In the early hours of Wednesday morning, with the temperature probably hovering around the freezing point, a team of engineers and military experts were gathered North Korea's South Pyongan province. Just before 3 a.m. they launched a missile into the sky. It flew for 54 minutes and reached a height of about 2,800 miles before crashing down into waters in Japan's exclusive economic zone.

The missile test, the North's first in 74 days, quickly raised a number of questions for the United States and its allies. But for many observers — particularly those in East Asia — a more immediate query sprang to mind: Why would Pyongyang test a ballistic missile in the middle of a bitterly cold night?

According to data compiled by Shea Cotton, a research associate at the James Martin Center for Nonproliferation Studies, North Korean missile tests tend to take place mid-morning. Between 9 and 11 a.m. has been most popular, shows Cotton's data, which goes back to April 15, 2016.

There have, however, been a variety of tests at different times. North Korea has tested missiles a number of times during the afternoon, as well as in the evening.

No one knows exactly why North Korea spreads out its missile test timings like this. Cotton said that his best guess was that North Korea favored the mid-mornings because “that way, in case something goes wrong (like maybe the truck breaks down or a hose doesn’t work or whatever) they have a full day to try and make it right and get it to work.”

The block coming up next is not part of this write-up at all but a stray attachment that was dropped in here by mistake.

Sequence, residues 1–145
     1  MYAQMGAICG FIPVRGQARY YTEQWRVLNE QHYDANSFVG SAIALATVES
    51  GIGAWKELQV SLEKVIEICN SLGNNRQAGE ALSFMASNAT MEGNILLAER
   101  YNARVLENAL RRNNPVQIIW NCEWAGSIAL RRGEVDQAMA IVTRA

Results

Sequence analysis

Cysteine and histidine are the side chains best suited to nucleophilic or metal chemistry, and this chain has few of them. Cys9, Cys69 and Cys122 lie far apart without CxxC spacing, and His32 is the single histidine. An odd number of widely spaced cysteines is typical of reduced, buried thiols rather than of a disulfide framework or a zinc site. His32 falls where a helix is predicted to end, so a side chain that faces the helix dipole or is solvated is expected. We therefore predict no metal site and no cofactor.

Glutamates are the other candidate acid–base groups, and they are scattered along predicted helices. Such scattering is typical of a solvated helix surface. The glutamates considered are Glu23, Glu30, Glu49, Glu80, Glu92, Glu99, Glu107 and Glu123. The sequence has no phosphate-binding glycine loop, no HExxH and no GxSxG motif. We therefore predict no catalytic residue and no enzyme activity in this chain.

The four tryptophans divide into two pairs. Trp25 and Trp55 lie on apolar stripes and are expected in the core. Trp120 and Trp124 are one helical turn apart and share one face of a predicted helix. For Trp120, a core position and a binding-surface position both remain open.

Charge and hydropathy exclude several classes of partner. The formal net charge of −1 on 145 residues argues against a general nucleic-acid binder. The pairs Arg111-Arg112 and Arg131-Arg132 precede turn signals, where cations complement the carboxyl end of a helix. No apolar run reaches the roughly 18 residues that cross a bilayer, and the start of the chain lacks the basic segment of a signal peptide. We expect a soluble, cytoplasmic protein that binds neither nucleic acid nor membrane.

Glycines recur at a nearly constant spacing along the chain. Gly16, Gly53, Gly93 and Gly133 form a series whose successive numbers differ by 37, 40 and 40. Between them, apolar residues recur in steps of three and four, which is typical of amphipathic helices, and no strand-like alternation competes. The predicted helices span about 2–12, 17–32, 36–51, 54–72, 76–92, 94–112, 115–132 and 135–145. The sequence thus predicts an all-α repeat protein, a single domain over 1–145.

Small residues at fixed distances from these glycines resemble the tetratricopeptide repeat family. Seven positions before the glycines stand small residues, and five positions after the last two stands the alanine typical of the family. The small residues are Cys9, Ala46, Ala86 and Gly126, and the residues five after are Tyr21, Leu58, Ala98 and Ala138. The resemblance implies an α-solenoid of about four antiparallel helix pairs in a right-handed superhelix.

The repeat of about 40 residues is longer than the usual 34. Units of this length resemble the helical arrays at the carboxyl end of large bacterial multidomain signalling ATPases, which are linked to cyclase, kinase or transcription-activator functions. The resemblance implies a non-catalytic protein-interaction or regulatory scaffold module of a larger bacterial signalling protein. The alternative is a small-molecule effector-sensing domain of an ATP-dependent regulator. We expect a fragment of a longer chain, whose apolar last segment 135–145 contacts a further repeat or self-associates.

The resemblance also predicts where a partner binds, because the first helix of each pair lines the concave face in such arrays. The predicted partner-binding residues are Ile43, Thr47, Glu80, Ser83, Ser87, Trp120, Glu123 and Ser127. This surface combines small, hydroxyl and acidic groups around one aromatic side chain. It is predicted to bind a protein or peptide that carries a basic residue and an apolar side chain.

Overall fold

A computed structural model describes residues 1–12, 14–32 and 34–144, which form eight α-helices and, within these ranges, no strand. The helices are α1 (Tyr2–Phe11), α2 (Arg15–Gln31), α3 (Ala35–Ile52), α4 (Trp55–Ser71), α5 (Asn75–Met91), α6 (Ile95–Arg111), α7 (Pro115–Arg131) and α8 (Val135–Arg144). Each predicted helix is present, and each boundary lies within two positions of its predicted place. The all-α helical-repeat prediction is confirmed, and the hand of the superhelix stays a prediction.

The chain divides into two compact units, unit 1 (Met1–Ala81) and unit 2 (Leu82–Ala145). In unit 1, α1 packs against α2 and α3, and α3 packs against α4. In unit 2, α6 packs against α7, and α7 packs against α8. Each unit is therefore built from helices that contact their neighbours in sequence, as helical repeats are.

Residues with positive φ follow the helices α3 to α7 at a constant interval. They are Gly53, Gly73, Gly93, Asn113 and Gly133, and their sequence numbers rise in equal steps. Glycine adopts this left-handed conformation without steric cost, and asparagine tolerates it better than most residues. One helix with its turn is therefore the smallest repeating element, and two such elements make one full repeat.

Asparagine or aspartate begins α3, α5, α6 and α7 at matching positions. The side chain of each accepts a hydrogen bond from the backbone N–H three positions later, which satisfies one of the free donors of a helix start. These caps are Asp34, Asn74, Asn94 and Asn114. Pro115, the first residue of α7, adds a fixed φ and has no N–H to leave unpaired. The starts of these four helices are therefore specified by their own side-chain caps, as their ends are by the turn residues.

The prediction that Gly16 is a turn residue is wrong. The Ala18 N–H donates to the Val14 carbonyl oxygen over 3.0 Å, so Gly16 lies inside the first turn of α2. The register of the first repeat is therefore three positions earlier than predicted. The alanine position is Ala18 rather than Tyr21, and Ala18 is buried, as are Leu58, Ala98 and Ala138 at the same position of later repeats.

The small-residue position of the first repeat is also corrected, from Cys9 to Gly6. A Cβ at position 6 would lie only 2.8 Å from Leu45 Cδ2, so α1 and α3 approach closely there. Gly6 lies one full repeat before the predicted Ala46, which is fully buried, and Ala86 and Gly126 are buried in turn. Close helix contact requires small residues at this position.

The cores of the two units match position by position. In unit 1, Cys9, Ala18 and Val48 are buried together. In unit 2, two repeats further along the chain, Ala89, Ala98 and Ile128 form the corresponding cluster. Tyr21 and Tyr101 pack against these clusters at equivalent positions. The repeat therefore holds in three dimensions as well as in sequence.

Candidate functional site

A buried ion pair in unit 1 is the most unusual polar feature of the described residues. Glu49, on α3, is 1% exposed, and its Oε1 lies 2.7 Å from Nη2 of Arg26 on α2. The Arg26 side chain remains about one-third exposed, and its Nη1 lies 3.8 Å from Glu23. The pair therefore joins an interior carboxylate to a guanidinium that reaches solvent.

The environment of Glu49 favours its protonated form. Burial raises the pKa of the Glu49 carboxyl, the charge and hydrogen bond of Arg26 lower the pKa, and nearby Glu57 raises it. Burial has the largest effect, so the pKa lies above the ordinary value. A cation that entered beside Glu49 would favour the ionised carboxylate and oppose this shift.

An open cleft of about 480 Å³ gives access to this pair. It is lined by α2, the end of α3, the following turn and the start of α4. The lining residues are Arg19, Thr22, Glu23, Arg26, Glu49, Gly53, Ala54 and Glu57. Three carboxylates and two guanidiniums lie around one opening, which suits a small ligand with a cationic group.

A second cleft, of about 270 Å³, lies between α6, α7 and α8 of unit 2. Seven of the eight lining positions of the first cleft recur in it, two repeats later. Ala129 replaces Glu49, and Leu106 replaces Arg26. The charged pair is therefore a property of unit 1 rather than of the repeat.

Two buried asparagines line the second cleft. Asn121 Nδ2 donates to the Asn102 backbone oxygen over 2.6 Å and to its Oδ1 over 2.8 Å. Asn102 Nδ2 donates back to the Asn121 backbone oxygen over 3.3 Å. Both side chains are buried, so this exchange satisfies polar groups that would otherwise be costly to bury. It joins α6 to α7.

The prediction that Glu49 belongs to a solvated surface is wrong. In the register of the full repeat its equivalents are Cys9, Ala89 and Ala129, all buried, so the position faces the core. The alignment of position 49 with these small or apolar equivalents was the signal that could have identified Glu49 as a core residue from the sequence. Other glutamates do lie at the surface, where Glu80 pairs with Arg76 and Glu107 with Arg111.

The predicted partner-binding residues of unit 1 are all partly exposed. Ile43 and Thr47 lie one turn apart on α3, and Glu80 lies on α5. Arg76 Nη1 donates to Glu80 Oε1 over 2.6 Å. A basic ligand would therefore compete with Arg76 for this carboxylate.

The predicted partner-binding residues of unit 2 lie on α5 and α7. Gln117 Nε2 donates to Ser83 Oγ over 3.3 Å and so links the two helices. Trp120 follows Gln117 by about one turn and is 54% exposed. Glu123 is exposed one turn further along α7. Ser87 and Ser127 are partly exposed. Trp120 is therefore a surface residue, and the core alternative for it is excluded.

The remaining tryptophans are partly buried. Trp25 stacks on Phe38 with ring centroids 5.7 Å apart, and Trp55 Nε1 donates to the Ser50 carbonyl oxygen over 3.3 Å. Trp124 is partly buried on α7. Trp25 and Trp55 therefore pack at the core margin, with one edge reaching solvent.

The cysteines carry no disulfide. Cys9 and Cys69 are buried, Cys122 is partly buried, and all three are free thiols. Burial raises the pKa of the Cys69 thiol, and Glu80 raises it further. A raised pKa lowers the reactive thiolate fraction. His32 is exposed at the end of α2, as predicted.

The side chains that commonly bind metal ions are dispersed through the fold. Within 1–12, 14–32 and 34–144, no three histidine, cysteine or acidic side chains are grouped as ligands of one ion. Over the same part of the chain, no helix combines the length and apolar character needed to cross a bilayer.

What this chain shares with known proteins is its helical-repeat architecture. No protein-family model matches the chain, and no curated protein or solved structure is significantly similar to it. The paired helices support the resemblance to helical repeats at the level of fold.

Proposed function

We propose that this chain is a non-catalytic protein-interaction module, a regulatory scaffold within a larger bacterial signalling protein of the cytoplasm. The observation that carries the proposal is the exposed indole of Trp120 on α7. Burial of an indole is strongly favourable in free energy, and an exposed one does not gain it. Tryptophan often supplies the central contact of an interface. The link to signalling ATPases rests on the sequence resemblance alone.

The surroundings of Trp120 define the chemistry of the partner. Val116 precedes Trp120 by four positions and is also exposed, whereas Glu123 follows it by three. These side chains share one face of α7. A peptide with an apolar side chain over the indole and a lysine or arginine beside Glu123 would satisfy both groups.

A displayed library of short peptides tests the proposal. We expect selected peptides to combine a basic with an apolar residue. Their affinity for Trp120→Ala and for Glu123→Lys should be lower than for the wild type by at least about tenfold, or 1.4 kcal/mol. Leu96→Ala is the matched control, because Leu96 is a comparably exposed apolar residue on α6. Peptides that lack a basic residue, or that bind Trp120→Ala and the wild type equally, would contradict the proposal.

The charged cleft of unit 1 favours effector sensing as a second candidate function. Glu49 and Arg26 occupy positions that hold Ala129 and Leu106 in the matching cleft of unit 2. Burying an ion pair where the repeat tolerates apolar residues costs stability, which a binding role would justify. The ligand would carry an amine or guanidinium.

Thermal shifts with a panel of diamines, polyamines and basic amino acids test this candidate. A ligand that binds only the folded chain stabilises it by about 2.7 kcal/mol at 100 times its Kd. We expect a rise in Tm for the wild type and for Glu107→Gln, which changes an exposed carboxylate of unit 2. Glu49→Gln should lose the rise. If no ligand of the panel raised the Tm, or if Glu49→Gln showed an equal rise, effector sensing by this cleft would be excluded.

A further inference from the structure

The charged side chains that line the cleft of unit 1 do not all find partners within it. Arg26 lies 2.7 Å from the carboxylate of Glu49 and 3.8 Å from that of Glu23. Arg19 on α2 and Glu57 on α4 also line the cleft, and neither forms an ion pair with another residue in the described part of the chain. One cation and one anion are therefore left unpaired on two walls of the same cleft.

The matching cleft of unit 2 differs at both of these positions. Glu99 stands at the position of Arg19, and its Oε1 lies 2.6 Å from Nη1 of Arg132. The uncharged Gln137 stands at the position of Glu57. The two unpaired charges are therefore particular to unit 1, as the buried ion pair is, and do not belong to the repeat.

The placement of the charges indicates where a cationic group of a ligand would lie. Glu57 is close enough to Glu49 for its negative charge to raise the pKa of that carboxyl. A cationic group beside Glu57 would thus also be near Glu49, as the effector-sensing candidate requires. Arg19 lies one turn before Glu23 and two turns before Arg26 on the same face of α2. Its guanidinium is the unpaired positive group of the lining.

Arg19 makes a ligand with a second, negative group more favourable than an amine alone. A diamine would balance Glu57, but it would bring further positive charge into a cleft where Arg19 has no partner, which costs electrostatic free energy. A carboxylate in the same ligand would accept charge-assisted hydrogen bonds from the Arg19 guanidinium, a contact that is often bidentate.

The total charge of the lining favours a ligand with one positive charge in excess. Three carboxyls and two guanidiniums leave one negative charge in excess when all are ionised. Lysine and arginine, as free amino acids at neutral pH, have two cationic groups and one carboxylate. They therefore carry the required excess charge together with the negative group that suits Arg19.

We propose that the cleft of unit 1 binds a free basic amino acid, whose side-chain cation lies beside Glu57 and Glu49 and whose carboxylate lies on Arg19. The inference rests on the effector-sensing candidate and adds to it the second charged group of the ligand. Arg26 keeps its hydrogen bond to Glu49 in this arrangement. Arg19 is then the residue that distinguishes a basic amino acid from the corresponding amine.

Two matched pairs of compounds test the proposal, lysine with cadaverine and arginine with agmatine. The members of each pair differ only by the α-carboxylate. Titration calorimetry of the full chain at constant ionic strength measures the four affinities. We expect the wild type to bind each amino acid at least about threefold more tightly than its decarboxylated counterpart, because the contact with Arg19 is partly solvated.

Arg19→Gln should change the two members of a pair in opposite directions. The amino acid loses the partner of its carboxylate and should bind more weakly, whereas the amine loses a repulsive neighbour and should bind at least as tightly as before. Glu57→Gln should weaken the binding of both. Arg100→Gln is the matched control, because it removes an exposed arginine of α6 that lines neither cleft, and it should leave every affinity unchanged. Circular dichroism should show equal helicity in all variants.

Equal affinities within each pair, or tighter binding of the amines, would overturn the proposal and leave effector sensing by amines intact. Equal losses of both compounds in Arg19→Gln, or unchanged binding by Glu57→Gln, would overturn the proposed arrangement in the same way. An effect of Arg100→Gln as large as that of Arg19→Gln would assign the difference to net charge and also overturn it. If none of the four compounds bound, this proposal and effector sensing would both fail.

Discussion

If a missile test fails and the missile blows up, “they have a full day of sun to try and collect the pieces and conduct some early failure analysis,” Cotton added.

Nighttime launches would seem less logical; working in the dark or the cold is clearly not ideal.

But these late tests may serve a broader strategy instead — perhaps showing that North Korea can launch a missile anytime and anywhere with little warning, as it would have to in a real wartime scenario, said Kingston Reif, director for disarmament and threat reduction policy at the Arms Control Association.

In particular, the timing of the missile test could also have been deliberately designed to surprise North Korea's neighbors and show how unpredictable a Pyongyang attack could be. “In terms of this test taking place at night, they might be trying to obscure the final launch prep from overhead surveillance to maximize surprise,” said Ian Williams, associate director of the Center for Strategic and International Studies Missile Defense Project.

More worryingly still, Reif said that North Korea's last two missile tests appeared to be designed at least in part to goad U.S. missile defense systems. The United States' primary system for defending the country from a North Korean ballistic missile attack is a ground-based midcourse system mostly based in Alaska and partially in California. "Among other shortcomings with the system, it has never been successfully intercept tested at night," Reif said. "In fact, there has been only one intercept test that has taken place at night.”

Whether North Korea's use of nighttime testing is deliberate is ultimately unclear, however. Domestic factors unrelated to a broader strategy do appear to affect Pyongyang's weapons testing — North Korean missile testing notably slows down in autumn when the country is preoccupied with a harvest, for example. But the fact that North Korea can pull off these tests at nighttime is probably one more sign of sophistication and the flexibility of its weapons program.

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